Lower Petawawa River

Disclaimer

This was the trip that really cemented for me that I needed to get back into photography. As such, none of these images are mine, but in fact the credit belongs to Sean.

Trip Details

  • Route: Input: Lake Traverse; First Night: Lake Traverse; Second Night: Rollaway Rapids; Third Night: Whitson Lake; Takeout: McManus Lake
  • Dates: Sept. 25 – 28, 2014
  • Group: 6 people

Trip Notes

Day 1: Toronto to Lake Traverse

Drove from Toronto in the early morning to reach Algonquin Bound outfitters around 1pm to sort out our rental canoe and shuttle. Registered at the Algonquin east gate, and parked the car at the pristine McManus Lake. Our shuttle driver was already on site with a 12 canoe trailer so we loaded up our personal gear and added our two white water canoes to the royalex rental.

After 6 hours driving it was amazing to sit back and enjoy the scenery as we bounced along the park roads up to our put in at Lake Traverse. When we arrived around 3pm, the put in was devoid of any other campers, and the rushing sounds of poplar rapids just upstream from the put in was a beautifully serene welcome to what resulted in an incredible trip.

We set off from the drop off point as our shuttle driver began to bounce back down the road, and soon there were no signs of human activity except us. We camped our first night just upstream from Bit Thompson rapids with a small creek winding out of a wooded cedar lowlands. After dinner we were treated to one of the most spectacular sunsets I have ever witnessed with the wisps of smoke from our campfire trailing up the river, hanging low in the cool evening air. One of our party had brought a new camera and managed to capture the incredible colours and impossibly perfect setting.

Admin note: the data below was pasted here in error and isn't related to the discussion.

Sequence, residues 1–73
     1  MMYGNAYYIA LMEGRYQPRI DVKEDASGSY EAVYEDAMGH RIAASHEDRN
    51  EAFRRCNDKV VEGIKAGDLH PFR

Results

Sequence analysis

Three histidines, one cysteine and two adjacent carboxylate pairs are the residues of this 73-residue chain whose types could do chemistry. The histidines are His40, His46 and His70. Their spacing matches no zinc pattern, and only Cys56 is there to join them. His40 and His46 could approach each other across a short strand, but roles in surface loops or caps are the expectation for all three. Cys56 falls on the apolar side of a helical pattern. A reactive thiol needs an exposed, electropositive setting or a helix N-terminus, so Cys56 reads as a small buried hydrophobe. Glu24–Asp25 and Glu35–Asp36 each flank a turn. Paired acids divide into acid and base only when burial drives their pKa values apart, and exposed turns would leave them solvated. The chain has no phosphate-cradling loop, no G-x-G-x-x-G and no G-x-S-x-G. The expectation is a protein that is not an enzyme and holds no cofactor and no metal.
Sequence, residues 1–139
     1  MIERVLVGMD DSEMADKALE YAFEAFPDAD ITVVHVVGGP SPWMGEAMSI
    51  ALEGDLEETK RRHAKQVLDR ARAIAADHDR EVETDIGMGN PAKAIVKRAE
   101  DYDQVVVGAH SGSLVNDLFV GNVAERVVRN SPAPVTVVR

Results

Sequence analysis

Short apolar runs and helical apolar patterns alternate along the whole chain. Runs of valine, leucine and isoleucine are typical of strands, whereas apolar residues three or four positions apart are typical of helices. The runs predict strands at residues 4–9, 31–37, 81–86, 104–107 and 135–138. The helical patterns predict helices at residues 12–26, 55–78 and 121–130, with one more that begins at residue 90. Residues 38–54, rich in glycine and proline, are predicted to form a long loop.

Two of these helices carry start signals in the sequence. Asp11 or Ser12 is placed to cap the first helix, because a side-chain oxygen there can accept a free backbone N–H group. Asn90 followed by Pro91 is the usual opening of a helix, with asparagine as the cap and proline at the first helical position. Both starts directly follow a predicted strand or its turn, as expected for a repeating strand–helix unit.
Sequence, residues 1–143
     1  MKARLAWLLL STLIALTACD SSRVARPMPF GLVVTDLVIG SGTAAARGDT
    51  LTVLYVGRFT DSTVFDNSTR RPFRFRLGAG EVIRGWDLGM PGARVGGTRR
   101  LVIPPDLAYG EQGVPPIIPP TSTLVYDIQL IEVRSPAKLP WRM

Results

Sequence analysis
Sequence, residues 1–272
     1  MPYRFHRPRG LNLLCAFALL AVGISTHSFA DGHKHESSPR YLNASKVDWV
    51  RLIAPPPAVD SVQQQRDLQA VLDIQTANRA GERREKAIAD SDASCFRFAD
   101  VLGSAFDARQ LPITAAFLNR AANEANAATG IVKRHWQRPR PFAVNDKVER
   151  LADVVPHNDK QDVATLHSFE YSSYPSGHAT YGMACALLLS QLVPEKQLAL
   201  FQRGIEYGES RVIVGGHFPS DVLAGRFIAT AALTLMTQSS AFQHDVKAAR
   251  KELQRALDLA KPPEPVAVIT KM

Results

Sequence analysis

Day 2: Lake Traverse to Rollaway Rapids

Being so late in the season, the morning was quite cool and resulted in a thick mist which didn’t clear until close to 10am. As this was our first time on this river we decided that we would wait until the mist cleared before pushing towards our first set of rapids of the day.

Big Thompson Rapids was the first up, and after some scouting we pressed forward through the unseasonably high water levels. Rather unexpectedly we found the remains of the dam which once occupied the head of these rapids, and with some quick maneuvering my canoe partner and I managed to get ourselves over a piece of debris and into an eddy with only taking on a little water. The canoe to follow us wasn’t quite as fortunate as they hit part of the dam and spun sideways, immediately capsizing in the high water, and began to swim the remainder of the rapids after their gear. The third canoe along (my brother and sister) found a good route through the snags, and after a few bumps, came through the first part of the rapids unscathed. It wasn’t until later in the day that we realized that one of those bumps had actually driven a hole in the bottom of their canoe, which resulted in consistent bailing for the remainder of the trip!

After rescuing our second pair’s gear from eddies, and helping them right their canoe, we set off for Little Thompson Rapids, short a paddle, and of more concern, my friends backpack containing his truck keys and allergy medication.

Little Thompson is a much smaller rapid, but with a considerably more swifter elevation change. While the water level was high enough to turn one side of the rapid into a roller coaster of a chute, we opted to portage around this, given the time we had lost on Big Thompson. The swifts were easily passable, and Grillade was a fantastic slosh through a fun class I in high water.

Incredibly, my friend’s backpack was found bobbing against a sweeper, with the truck keys and allergy medication completely undamaged! Unfortunately, the spare paddle was never recovered.